However, the older brother of Lawrence Naesen isn't thrown off by this and still has confidence in his own abilities. "In last year's Tour, I felt better than ever. Of course, you also have to look for the light where it shines. I'm not going to bang on the table like I used to, but pursuing a good result is obviously why you get out of bed. I can't do more than my best, so it's just a matter of waiting and seeing what happens."

Can we then expect Naesen mainly in the classics with heavily inflated ambition? We can actually conclude that yes we can, although he also keeps things a bit uncertain. "I'm not even sure if I'm going to ride the full classic campaign, although I think I will. The classics team hasn't been strengthened, so I'd be surprised if there really needs to be a choice made. We probably won't have one main leader."

"If you look at past results, it will be me. If you look towards the future, it will probably be one of the young guys," he continues. "The team has a lot of confidence in those youngsters. Especially Pierre Gautherat is very well-regarded. Maybe I'll act as his lieutenant and show him the ropes in Flanders. He is brimming with ambition. Whether that will translate into results is, of course, the question. I don't dare to make any further statements about that.'"

Read more below the photo!

Oliver Naesen accepts a lower salary at AG2R, but also knows why he can't join the spring classics contenders any longer.

2024 will be Naesen's first season in a long time without Van Avermaet

In previous seasons, things didn't really go smoothly for Naesen in his beloved spring classics - and also in races outside of them - for which he has an explanation. "This year I have a huge number of race days in my legs. 83 is not nothing. When you look at all the riders who have performed well, you see that they often only reach half that number. On average, such guys are at sixty percent of what I have ridden."

In this context, he admits that a bit more rest during the season would be helpful. "I always execute the winter stages perfectly, but because of that large number of race days, I never have time for small interim stages during the season. I have been asking for this for a few years, but due to, for example, illnesses and injuries of others, I usually get deployed everywhere. Of course, this means that you can't really maintain your level in the way it should be. In an ideal world, I would prepare for the classics optimally, ride them, and then go to the Tour via Dauphiné. That would be perfect, but the chances of that happening are slim."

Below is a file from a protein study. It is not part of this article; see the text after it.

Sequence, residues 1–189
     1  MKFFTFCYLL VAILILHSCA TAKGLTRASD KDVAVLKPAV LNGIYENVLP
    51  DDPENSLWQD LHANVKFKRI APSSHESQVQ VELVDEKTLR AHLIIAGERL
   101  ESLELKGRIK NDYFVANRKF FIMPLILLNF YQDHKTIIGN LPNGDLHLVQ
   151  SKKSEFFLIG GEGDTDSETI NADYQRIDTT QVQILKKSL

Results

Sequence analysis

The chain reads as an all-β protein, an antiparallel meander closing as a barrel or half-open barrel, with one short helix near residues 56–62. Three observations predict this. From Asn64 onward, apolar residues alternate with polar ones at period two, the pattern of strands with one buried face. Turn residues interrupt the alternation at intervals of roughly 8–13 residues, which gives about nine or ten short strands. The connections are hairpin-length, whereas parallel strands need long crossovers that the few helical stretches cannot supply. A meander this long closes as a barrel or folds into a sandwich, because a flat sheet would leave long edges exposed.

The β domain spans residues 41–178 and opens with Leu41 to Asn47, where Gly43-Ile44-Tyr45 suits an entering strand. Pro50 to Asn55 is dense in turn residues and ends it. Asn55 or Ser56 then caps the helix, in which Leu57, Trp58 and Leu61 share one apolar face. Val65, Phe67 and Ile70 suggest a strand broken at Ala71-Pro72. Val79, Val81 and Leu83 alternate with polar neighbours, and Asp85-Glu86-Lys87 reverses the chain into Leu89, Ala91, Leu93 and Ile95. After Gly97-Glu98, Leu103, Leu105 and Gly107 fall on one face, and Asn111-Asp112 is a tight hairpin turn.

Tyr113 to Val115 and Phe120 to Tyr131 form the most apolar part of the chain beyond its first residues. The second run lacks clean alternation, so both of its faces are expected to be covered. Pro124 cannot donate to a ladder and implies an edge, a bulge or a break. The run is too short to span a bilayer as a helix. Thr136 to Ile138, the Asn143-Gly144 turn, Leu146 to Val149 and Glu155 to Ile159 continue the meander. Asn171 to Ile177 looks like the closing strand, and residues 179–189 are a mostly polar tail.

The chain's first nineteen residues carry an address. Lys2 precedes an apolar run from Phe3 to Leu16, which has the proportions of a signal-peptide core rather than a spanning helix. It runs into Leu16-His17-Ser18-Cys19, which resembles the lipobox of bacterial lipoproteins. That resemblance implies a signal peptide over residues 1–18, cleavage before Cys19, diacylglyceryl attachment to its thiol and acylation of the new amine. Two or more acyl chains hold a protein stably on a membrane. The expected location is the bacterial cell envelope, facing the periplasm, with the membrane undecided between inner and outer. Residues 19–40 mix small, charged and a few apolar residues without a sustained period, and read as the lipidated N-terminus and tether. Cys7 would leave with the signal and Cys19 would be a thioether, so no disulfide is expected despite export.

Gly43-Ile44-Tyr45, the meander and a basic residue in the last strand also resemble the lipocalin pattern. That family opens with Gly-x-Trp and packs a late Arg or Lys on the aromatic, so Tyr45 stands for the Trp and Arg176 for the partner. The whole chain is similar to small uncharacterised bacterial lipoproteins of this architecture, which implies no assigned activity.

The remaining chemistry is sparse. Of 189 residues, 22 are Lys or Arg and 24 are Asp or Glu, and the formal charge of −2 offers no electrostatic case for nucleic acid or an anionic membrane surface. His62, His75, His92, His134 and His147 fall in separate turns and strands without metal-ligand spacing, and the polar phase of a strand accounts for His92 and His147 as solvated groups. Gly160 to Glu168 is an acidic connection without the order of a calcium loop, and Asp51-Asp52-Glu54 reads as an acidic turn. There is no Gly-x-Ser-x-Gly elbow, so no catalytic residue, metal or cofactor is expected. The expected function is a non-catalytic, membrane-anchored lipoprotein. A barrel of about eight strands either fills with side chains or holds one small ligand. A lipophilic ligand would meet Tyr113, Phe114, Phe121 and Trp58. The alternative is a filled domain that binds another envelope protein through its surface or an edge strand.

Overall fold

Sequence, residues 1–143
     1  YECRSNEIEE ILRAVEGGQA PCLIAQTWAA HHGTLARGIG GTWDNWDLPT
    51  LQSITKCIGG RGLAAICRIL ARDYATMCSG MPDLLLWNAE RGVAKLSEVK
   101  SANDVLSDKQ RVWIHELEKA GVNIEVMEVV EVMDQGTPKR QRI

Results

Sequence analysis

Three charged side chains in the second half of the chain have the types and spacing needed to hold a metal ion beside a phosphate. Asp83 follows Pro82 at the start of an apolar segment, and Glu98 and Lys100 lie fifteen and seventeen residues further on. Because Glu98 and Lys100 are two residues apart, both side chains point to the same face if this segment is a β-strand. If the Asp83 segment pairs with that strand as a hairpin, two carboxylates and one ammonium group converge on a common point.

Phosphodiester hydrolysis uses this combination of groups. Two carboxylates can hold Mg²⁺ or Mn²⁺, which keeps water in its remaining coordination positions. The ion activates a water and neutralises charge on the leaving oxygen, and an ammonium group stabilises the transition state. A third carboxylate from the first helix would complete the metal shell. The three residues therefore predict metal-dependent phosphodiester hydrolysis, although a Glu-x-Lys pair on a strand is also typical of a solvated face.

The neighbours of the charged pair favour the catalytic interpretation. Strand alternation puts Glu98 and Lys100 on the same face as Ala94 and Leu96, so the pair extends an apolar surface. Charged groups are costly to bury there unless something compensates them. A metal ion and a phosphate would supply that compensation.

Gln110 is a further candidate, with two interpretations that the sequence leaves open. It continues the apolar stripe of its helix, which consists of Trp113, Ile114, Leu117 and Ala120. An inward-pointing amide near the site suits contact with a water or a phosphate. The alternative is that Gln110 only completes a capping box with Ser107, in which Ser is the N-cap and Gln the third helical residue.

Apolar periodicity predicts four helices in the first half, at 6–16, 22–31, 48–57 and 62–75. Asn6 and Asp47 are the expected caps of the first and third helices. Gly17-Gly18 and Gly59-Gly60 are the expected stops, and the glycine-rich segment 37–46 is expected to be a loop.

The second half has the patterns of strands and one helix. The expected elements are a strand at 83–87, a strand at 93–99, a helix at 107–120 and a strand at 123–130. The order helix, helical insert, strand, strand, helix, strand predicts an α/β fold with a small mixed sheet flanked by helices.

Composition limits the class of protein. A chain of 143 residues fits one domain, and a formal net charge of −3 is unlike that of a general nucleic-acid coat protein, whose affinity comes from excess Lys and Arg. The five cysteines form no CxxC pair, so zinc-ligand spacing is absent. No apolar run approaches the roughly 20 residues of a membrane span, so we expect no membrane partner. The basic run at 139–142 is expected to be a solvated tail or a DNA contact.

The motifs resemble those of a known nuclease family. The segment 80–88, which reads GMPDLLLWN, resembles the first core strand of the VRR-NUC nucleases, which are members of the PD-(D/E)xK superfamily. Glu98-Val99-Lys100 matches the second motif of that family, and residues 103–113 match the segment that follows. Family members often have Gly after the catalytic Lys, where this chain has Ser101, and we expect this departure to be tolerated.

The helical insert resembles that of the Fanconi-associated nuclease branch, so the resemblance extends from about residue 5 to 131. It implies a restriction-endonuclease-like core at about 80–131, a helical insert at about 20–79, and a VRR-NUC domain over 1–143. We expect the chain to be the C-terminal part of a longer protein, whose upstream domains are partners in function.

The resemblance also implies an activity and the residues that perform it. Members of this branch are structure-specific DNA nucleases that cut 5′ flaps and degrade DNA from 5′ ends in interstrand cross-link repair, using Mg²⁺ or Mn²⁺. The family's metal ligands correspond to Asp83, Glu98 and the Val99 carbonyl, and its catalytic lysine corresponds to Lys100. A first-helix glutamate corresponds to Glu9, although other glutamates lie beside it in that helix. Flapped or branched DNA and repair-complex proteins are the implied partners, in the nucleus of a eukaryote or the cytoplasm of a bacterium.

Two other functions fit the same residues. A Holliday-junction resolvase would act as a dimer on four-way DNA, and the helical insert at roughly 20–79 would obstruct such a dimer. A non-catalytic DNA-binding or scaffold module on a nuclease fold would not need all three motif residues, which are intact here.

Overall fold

Finally, Naesen has been riding for years with bosom and training friend Greg Van Avermaet in the team. The latter recently bid farewell to the cycling peloton. 'Ollie' suspects it will be a bit strange at first to ride without 'Dn Greg'. 'I think it's going to make quite a difference that Greg is no longer with the team. In the peloton, he was very respected. You always felt that when you rode with him. That part will be missing, and that's a shame. For me personally, of course, not much changes. Greg was someone with whom I could communicate very easily in the race. It always went very naturally and easily. Racing, especially the classics, is incredibly hectic. It's not easy to talk to each other. Not everyone can do that. With Greg, it always went well. We will really miss that bit of leadership."